social readjustment rating scale


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social readjustment rating scale

a scale of 43 common events associated with some degree of disruption of an individual's life. The scale was developed by the psychologists T.J. Holmes and R. Rahe, who found that a number of serious physical disorders, such as myocardial infarction, peptic ulcer, and infections, and a variety of psychiatric disorders were associated with an accumulation of 200 or more points on the rating scale within a period of 1 year. Most disruptive on one's life, according to the psychologists, was the death of a spouse, which warranted 100 points. The lowest rated event was a minor law violation, rated at 11 points.
References in periodicals archive ?
The use of the adapted Social Readjustment Rating Scale and development of items to assess support seeking and experiences of Black immigrants limit generalizability of the study and underscore the need for the development of measures that effectively capture the experiences of this population.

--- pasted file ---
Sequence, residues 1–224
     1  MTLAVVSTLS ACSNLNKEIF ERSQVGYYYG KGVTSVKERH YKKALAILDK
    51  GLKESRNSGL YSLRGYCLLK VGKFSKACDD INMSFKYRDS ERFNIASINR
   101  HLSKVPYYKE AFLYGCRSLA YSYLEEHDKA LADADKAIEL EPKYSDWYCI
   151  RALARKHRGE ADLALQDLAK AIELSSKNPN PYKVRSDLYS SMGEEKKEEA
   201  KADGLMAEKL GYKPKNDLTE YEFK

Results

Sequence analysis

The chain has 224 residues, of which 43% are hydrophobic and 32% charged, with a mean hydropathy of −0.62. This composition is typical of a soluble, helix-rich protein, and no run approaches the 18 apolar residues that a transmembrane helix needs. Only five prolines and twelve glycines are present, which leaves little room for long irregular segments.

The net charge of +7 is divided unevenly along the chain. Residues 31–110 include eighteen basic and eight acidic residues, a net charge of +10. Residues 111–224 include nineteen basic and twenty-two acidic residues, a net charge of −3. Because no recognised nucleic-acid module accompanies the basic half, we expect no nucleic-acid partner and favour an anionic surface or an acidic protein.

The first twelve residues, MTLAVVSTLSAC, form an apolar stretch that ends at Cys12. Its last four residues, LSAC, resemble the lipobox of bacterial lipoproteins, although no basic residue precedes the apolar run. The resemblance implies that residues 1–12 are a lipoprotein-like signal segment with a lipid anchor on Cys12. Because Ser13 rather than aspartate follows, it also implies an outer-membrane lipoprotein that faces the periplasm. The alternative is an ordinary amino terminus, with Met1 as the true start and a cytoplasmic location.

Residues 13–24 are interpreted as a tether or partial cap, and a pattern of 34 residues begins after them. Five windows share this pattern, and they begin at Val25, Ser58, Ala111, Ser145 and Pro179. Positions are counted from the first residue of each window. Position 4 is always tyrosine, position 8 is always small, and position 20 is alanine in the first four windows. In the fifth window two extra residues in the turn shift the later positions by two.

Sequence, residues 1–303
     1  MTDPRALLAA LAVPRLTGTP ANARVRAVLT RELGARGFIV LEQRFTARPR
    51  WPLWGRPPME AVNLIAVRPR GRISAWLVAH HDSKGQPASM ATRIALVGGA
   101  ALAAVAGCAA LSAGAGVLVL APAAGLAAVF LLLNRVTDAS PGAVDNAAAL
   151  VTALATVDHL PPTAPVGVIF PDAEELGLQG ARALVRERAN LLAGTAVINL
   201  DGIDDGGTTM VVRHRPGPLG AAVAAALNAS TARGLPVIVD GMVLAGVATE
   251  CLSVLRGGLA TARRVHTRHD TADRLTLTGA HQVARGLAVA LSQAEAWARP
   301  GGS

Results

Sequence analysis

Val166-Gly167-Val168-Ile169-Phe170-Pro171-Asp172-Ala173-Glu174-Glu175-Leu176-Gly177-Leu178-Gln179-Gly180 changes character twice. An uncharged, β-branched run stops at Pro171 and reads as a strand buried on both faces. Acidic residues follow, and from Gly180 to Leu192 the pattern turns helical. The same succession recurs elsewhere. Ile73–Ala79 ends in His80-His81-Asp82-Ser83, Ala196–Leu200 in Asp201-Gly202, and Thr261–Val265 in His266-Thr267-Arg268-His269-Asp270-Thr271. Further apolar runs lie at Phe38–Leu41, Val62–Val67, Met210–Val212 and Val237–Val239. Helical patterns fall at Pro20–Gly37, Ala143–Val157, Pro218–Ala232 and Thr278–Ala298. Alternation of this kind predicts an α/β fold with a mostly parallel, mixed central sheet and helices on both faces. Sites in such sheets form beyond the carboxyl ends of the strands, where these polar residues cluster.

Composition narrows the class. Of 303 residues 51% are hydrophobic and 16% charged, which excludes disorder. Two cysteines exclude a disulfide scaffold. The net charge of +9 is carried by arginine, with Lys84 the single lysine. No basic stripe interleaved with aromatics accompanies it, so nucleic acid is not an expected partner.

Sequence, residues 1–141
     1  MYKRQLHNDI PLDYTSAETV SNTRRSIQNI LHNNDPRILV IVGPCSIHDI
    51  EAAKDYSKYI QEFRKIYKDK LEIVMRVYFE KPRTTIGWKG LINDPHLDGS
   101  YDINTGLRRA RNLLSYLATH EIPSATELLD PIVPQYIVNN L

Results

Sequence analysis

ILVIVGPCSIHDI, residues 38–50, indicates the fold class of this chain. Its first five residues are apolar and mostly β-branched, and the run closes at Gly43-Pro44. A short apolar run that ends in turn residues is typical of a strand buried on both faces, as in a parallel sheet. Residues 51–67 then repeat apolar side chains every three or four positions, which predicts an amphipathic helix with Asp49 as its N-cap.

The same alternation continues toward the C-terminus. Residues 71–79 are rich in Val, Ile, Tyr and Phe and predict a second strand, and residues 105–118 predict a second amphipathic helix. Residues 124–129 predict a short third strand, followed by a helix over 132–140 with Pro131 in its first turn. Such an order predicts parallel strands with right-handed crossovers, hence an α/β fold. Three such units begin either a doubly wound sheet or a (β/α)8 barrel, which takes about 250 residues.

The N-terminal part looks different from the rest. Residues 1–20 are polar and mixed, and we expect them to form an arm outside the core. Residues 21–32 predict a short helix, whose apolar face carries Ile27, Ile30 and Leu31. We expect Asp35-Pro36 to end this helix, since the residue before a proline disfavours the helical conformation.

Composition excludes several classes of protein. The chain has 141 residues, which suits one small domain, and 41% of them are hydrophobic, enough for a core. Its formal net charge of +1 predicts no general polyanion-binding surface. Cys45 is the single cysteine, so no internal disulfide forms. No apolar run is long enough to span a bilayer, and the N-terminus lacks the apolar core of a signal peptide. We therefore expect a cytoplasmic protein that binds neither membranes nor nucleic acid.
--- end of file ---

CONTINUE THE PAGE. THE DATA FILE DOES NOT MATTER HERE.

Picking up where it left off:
Rahe, "The Social Readjustment Rating Scale," Journal of Psychosomatic Research 11, no.
Life events checklist: Revisiting the social readjustment rating scale after 30 years.
An examination on the social readjustment rating scale (Holmes et al.
Key words: social readjustment rating scale for elementary school children, life change unit, magnitude estimation, judges, elementary school teachers, children
Life events checklists: Revisiting the social readjustment rating scale after 30 years.
Moreover, Crandall (1992) has found that severity weights used with the Social Readjustment Rating Scale may not be even needed.
1967), The social readjustment rating scale, Journal of Psychosomatic Research,, 11, 213-218.
Students were asked to rate the number of stress points they would give to failing their A-levels on the Social Readjustment Rating Scale, where the death of a spouse is 100 points and the death of a close family member is 63 points.
The Social Readjustment Rating Scale (SRRS; Holmes & Rahe, 1967) was used to assess a wide scope of life events that are related to stress and disease, ranging from daily hassles to traumatic events.
The questionnaire used to gather data about life stress was a 39-item adaptation of the Social Readjustment Rating Scale of Holmes and Rahe.